Few things are as satisfying as living room redecoration, and few decorating moves are as effective as living room sofa pillow cover change-out.  I had the genius idea of making my own (this was supposed to be an amazing DIY post.  FAIL)… and then succumbed to my need for instant gratification and ordered some from Etsy.  And I am SO happy I did.  They’re glorious.  And sturdy.  Much unlike anything I would probably make.

Before these beauts arrived, our poor couch was littered with this:


If you too are craving a quick and easy living room re-do, allow me to recommend the Etsy shop ElemenOPillows.  Karen is very quick to respond to inquiries before and after orders are placed.  And her selection is fresh, modern, and interesting.


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Compst Bin

Welcome to 2012!

So far, in this household, this year has had a Make Better theme.  For instance, The Ole’ Husband is quitting smoking and joining a gym.  I am currently going through our refrigerator and cabinets to dump any expired thing and am deep-cleaning the house before Chinese New Year (it’s good luck to have a spotlessly clean house on Chinese New Year.  (January 23.  Get scrubbing!))  Additionally, I am making a number of changes to my health routine (details to come in a later post).  But – by far – my favorite life-improving 2012 activity occurred last Saturday when we built a compost bin!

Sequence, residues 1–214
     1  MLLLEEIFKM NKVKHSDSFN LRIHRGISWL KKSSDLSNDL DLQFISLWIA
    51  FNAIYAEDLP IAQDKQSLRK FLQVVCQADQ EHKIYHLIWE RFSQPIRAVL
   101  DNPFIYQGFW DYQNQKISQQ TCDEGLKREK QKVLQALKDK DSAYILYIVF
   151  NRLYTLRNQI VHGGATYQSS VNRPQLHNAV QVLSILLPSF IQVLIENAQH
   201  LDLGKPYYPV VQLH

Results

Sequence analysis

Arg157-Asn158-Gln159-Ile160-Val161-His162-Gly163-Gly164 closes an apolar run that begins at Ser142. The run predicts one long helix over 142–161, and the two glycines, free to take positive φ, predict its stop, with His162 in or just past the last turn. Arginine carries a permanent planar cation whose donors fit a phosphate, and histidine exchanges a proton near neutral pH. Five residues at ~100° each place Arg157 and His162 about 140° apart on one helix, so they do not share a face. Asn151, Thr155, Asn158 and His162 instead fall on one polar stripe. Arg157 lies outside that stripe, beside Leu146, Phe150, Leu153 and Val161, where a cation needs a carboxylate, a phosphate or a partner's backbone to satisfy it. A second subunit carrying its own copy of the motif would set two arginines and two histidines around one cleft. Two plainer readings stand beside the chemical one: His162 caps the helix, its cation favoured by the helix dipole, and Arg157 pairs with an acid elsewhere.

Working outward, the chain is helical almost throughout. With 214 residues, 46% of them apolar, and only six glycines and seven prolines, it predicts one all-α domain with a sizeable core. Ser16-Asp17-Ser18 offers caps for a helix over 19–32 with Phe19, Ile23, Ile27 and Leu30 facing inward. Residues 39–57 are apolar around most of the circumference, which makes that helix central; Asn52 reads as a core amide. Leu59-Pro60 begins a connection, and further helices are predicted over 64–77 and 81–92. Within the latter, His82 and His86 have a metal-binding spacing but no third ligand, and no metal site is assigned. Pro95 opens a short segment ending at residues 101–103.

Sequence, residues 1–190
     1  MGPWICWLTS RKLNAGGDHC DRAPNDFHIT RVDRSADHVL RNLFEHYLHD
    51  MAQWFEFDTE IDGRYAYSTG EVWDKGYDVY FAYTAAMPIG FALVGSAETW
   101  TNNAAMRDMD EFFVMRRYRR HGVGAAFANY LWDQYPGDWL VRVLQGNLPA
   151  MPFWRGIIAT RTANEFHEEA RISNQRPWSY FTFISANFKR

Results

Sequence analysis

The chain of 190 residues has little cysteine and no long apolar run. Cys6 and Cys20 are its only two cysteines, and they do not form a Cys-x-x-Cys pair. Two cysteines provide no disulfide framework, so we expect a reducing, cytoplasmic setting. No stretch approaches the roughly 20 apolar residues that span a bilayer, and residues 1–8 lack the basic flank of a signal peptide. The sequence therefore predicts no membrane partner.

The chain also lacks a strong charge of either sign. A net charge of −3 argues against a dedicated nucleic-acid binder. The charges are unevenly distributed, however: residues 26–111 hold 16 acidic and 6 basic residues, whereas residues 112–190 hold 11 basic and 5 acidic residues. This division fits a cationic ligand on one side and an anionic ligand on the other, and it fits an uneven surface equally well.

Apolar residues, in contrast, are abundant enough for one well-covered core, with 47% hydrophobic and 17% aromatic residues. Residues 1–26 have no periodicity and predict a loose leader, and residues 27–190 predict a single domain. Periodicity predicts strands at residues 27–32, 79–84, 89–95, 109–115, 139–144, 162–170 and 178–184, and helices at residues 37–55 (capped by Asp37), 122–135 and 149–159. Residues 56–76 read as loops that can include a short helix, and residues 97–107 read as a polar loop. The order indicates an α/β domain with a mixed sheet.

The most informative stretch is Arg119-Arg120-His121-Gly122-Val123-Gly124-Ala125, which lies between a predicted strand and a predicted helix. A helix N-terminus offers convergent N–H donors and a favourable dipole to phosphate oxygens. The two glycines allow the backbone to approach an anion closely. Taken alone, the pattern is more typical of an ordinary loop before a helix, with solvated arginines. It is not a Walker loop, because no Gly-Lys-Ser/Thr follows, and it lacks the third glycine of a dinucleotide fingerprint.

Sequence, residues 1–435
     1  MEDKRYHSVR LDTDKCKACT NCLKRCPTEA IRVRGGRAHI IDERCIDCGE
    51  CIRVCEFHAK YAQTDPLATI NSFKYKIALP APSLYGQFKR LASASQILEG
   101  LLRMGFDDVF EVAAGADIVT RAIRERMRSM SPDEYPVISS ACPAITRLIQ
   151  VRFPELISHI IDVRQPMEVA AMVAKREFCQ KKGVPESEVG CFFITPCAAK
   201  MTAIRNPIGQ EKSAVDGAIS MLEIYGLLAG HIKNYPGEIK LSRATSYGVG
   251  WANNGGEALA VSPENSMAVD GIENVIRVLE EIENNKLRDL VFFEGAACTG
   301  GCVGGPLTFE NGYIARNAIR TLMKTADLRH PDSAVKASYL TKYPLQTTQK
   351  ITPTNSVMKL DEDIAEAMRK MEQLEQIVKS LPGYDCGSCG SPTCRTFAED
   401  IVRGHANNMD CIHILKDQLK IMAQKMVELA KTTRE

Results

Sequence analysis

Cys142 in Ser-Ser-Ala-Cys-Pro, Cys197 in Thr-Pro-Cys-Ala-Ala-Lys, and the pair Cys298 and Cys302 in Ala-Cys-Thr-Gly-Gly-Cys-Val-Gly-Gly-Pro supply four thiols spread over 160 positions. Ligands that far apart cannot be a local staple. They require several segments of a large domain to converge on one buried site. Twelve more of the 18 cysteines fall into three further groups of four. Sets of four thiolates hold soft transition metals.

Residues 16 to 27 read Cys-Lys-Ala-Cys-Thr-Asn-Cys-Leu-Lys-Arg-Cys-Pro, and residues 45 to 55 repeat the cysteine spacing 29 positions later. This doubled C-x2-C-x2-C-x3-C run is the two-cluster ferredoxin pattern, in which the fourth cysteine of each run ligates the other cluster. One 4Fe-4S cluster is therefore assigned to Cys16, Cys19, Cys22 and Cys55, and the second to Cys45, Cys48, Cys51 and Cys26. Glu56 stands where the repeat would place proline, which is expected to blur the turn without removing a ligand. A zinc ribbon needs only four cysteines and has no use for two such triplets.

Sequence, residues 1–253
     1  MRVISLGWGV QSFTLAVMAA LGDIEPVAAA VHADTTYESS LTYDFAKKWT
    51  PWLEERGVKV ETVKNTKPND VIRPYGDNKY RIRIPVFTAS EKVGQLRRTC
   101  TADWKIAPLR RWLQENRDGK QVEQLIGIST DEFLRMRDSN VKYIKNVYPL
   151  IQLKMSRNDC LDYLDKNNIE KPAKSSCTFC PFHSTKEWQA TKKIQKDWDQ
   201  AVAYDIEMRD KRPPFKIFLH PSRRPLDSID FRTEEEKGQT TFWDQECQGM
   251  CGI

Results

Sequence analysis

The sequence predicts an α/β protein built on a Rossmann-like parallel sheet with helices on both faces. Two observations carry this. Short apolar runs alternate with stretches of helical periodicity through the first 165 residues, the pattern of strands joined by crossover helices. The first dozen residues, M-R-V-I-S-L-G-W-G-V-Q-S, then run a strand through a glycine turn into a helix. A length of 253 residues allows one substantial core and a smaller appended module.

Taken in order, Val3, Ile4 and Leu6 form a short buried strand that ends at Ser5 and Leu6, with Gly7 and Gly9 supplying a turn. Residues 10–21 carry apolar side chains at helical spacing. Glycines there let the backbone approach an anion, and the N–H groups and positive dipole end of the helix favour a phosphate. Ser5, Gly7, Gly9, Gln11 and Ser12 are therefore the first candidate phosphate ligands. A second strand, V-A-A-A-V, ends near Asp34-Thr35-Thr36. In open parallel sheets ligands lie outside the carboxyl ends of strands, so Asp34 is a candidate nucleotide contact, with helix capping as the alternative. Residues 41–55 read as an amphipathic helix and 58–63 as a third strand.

This may not be exciting to anyone other than myself and my fellow apartmates (the other three couples who live in our apartment complex), but – OMG – we love it.

You may already be aware of the benefits of composting, but just in case you’re not, let me evangelize you.  Compost is great because: